U.S. Intellectual History Blog

In Memoriam: Michael Katz, 1939-2014

Yesterday, we all learned of the tragic passing of historian Michael Katz. Many of us are still processing the loss of a great historian and, from everything I’ve read, an even better man. So today’s thread will be a place for us to reflect on his life, his legacy, and the wonderful scholarship he left to the world. Of course, I hope this doesn’t dissuade my fellow bloggers from talking about his life as well, as there’s so much to say about him.

Katz’s career was a testament to being flexible as an academic. Just taking a look at his University of Pennsylvania page reminds one of how he was able to tackle several fields of historical scholarship in his career. If you didn’t know Katz for his wonderful work on education, then perhaps you were familiar with him in regards to urban history. And if you weren’t terribly familiar with him in either of those fields, then there’s a good chance you came across his fantastic scholarship on the field of social welfare.katz_1

In recent weeks, the ideas behind all of these fields have returned to the national political scene due to events in Ferguson, Missouri. Debates about education, the cities, and social welfare have been a prominent part of national discourse since the 1960s (and, in many ways, stretch back decades before that). If there was ever a time to return to his work, it’s right now. Sadly, we won’t have the opportunity to hear even more from him in such a critical time in our nation’s history.

This year has already proven to be a difficult one in regards to deaths in the myriad fields of the humanities. I’ve already written about the passing of Vincent Harding and Maya Angelou. And I’m well aware those aren’t the only deaths to mourn from this year. I feel somewhat inadequate in writing about Katz’s death—I was only slowly digging into his scholarship when I heard about his passing—but I hope you take this thread as a chance to talk about his work, his legacy, and the impact it’s had on you as both a scholar and as a person.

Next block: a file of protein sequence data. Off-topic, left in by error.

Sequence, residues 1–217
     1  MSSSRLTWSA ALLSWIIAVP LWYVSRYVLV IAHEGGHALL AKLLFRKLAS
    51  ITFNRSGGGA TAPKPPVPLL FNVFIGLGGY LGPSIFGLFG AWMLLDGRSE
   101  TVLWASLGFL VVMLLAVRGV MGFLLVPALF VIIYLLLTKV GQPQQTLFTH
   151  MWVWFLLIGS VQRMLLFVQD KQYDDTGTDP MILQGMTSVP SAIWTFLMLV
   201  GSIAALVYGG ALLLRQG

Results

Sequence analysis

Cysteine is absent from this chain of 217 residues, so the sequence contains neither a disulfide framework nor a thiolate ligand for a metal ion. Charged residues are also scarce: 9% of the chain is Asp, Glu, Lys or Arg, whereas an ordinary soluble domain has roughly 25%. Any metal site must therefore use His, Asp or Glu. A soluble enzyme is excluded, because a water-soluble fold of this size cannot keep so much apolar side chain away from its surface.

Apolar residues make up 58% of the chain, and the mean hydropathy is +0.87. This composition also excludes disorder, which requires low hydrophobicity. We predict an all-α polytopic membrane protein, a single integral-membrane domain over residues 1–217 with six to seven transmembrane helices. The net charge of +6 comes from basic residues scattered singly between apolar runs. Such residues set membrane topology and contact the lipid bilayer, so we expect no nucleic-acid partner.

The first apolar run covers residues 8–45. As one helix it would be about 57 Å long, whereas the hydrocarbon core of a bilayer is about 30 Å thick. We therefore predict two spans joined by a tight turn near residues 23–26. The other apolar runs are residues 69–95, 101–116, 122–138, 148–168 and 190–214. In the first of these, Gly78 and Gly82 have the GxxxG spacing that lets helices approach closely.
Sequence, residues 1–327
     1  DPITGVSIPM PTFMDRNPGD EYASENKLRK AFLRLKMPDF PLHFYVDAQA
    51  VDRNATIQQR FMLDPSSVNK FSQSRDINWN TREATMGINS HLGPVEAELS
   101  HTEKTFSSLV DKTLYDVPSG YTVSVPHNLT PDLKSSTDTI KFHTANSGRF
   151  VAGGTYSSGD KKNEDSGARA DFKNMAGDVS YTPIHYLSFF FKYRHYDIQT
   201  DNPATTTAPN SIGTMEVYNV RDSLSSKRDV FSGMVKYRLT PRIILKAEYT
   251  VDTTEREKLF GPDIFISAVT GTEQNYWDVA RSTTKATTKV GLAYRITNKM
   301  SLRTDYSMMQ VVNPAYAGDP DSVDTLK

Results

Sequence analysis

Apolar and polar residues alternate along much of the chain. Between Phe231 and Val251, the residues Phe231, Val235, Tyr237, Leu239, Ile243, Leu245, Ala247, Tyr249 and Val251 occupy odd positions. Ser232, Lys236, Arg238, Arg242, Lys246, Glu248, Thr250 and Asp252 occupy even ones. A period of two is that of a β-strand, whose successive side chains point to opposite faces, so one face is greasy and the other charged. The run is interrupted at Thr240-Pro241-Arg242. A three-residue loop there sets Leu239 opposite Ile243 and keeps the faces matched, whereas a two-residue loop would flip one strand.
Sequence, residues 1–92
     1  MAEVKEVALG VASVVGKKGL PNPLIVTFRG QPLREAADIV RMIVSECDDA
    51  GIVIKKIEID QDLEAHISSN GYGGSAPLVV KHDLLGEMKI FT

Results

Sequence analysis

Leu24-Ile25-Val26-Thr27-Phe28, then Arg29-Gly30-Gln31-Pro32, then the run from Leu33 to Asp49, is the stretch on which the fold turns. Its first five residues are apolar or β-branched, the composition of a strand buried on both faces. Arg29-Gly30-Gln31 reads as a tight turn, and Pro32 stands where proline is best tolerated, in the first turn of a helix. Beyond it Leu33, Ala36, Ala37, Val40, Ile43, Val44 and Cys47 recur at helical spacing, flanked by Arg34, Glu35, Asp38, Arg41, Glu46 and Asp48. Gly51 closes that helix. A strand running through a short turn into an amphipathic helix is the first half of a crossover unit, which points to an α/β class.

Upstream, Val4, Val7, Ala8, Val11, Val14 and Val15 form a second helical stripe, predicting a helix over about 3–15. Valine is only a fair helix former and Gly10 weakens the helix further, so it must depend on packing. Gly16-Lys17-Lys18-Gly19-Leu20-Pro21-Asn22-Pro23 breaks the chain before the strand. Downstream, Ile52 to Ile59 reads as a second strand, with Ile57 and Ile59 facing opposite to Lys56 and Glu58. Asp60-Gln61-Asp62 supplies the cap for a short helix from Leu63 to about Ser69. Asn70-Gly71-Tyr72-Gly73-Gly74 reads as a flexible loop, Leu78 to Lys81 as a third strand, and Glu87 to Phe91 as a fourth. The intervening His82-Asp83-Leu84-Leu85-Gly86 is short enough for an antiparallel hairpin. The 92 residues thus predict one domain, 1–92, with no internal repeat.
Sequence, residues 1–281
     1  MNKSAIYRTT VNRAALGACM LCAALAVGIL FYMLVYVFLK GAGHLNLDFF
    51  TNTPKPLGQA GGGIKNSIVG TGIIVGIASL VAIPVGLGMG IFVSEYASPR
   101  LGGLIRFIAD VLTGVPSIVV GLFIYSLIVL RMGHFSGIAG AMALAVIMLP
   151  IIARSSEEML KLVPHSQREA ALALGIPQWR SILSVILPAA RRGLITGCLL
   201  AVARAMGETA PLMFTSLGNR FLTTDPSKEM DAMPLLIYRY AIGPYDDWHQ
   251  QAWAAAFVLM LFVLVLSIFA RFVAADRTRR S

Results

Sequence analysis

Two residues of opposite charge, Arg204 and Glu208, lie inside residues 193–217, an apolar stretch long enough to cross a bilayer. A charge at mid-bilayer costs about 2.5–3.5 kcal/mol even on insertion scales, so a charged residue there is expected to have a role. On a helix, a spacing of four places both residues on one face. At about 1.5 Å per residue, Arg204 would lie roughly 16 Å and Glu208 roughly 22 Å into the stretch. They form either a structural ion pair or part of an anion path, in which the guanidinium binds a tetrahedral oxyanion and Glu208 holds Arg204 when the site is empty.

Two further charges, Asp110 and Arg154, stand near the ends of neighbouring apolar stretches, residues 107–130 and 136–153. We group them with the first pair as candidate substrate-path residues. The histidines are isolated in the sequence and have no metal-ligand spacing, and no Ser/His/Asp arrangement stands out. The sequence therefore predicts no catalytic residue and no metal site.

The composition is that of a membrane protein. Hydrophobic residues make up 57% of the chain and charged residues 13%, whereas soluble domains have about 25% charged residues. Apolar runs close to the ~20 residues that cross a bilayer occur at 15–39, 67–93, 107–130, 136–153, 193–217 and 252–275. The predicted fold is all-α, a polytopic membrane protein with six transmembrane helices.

Sundays this semester will be, for me, not just my posting day at the blog. It’ll also be a reading day as well. So, today, when I’m done with classwork, my mind will turn towards the 2005 Journal of American History article he co-wrote with Mark J. Stern and Jamie J. Fader, “The New African American Inequality.”[1] Part of the June 2005 issue, “The New African American Inequality” serves as a reminder of how historical scholarship can often take on urgent meaning in trying times. There’s a great deal more to be said about the enormous contributions he’s made to so many fields–and I hope all of you will add to that in the comments. His books such as The Undeserving Poor and The “Underclass” Debate, among others,are important works on the post-World War II American experience.

For a moving tribute to Katz, please read the touching remarks by Tom Sugrue posted on Facebook yesterday.

[1] Katz, Michael B., Stern, Mark J., and Fader, Jamie J. “The New African American Inequality,” Journal of American History, Vol. 92, No. 1 (June 2005), pg. 75-108.

2 Thoughts on this Post

  1. Thanks for the kind words. He’s an important scholar that, I suspect, we’ll be talking about a long time to come.

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